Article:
The effect of thermosensitive liposomal formulations on loading and release of high molecular weight biomolecules
Thermosensitive liposomes are clinically-relevant nanocarriers which have been used to deliver chemotherapeutic agents to tumors in combination with local hyperthermia. However, the encapsulation and release of macromolecular therapeutic agents (proteins, nucleic acids, bioactive polymers) is often hindered by their instability during the liposome formation as well as by the low encapsulation efficiency.
The objective of this study was to investigate the influence of the thermosensitive liposomal formulation on the encapsulation and release of low and high molecular weight hydrophilic drugs, in order to identify the key parameters to control during nanocarrier design, depending on the specific drug delivery application.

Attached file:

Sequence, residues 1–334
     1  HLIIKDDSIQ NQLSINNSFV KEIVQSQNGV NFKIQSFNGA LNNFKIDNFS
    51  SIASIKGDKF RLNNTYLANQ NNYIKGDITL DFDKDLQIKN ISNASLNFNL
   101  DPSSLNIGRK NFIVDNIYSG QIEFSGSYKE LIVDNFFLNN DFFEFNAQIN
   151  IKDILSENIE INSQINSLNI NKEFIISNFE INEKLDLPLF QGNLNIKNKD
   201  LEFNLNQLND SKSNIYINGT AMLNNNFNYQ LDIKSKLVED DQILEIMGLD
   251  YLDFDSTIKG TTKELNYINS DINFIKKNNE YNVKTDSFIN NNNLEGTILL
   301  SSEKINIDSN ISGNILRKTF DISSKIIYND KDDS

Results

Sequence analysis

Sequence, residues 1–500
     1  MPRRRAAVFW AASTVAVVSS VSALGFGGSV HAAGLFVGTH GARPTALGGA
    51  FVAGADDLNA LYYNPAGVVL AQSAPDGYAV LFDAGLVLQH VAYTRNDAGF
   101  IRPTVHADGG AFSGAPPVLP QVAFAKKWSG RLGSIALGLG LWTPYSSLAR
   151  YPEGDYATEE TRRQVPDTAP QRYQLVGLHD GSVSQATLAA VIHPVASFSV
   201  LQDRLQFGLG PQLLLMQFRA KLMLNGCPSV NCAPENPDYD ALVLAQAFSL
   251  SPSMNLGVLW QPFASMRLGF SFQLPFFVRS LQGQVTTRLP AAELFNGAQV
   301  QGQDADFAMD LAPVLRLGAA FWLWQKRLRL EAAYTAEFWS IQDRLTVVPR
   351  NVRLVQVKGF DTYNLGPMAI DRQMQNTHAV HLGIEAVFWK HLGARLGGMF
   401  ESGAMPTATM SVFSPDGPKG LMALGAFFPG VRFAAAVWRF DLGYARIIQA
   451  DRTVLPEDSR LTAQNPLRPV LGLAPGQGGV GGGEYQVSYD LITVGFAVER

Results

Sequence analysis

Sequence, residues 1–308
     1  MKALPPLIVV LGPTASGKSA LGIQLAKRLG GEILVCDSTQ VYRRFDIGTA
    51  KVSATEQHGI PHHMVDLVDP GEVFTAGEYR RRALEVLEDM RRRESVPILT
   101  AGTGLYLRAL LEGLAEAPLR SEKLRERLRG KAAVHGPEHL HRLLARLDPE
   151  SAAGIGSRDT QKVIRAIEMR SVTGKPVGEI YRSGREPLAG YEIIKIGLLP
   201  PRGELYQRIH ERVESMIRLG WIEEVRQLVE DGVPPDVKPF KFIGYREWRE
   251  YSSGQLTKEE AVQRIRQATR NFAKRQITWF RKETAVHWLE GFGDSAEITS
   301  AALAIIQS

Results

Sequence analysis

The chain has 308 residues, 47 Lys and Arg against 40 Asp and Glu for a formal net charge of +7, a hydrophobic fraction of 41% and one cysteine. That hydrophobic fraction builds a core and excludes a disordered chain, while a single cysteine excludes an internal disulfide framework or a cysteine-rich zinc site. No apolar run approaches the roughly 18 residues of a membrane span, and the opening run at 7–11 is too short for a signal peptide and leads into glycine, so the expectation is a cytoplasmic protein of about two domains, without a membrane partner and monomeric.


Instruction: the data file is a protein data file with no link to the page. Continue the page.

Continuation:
Thermosensitive liposomes with different formulations were prepared through the combinations of different lipids, including dipalmitoylphosphatidylcholine (DPPC), distearoylphosphatidylcholine (DSPC), cholesterol (Chol), 1-palmitoyl-2-hydroxy-sn-glycero-3-phosphocholine (P-Lyso-PC), and the PEGylated lipid distearoyl-sn-glycero-3-phosphoethanolamine-N-methoxy(PEG)-2000 (DSPE-PEG2000). The thin film hydration method was used for liposome preparation and loading of different water soluble molecules. The encapsulation efficiency and release profiles were investigated for a low molecular weight compound such as carboxyfluorescein (CF), proteins (albumin), and hydrophilic polymers which do not interact with the lipid bilayer, such as a linear dextran and a poly(ethylene glycol)-based star polymer. An optimised liposomal formulation [DPPC/P-lyso-PC/DSPE-PEG2000 90/10/4 (mol/mol) (LTSL)] was chosen for further application in encapsulating therapeutic proteins, such as lysozyme and the brain-derived neurotrophic factor (BDNF), which are recognized as drug carriers and potential therapeutic agents for kidney diseases and neurological disorders.